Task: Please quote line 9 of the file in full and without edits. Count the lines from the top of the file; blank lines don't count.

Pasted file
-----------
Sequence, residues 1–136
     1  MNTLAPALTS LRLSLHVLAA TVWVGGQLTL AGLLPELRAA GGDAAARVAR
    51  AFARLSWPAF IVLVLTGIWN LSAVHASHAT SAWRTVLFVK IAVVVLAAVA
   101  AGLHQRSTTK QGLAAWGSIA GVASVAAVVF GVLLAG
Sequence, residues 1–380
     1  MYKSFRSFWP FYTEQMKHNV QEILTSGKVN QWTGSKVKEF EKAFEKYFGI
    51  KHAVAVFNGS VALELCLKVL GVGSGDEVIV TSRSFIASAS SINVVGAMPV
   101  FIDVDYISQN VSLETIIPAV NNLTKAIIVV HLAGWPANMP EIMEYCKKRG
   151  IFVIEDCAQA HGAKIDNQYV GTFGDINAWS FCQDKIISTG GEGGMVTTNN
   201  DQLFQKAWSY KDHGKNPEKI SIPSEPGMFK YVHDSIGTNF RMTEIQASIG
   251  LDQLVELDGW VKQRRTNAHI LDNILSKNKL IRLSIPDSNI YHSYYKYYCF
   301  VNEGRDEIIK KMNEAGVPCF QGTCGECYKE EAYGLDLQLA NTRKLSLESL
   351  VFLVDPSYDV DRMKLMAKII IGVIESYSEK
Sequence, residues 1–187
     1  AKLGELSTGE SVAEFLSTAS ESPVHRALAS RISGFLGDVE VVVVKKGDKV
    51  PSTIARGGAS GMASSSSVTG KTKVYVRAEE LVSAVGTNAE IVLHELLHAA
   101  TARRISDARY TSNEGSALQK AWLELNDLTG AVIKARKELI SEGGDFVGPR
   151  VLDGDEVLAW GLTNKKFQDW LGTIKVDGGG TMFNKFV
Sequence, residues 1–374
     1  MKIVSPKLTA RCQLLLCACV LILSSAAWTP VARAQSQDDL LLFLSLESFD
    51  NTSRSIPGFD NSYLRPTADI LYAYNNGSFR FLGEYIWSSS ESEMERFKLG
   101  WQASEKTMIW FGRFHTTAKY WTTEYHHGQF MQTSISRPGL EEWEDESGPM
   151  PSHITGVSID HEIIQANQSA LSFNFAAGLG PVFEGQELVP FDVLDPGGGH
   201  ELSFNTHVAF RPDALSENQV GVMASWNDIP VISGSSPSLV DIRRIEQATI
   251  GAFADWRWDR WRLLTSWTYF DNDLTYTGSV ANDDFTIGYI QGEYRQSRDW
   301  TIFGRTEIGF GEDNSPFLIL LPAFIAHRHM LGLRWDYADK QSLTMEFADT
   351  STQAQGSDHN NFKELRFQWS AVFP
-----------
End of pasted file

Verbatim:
   151  IFVIEDCAQA HGAKIDNQYV GTFGDINAWS FCQDKIISTG GEGGMVTTNN